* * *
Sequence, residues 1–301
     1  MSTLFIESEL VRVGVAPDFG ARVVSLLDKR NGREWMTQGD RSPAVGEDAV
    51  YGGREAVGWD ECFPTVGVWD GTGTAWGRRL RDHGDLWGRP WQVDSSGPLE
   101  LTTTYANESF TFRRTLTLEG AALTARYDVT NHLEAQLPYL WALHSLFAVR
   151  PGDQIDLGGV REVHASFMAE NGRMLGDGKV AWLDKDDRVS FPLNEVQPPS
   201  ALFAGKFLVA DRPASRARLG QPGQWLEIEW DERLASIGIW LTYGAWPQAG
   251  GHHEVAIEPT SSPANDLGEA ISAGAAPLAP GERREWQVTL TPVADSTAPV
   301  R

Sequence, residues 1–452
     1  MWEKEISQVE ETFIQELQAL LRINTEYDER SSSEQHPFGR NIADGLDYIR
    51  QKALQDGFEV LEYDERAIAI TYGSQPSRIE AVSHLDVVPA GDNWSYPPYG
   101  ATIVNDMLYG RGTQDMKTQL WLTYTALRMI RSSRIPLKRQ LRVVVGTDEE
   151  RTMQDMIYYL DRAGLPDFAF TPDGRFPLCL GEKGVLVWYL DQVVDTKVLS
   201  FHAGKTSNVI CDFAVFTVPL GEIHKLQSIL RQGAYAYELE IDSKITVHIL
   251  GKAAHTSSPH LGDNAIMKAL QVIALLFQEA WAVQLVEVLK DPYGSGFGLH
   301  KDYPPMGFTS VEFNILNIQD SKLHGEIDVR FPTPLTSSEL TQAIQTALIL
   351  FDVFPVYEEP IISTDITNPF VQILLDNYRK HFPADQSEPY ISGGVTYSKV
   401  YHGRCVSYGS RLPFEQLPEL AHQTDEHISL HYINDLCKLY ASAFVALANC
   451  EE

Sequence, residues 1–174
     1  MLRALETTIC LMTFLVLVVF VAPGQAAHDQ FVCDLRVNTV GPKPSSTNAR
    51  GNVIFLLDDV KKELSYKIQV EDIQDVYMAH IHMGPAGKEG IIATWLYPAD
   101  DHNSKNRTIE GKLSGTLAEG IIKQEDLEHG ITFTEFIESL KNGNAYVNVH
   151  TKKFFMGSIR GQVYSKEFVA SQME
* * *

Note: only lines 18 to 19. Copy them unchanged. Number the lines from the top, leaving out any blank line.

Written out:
   401  YHGRCVSYGS RLPFEQLPEL AHQTDEHISL HYINDLCKLY ASAFVALANC
   451  EE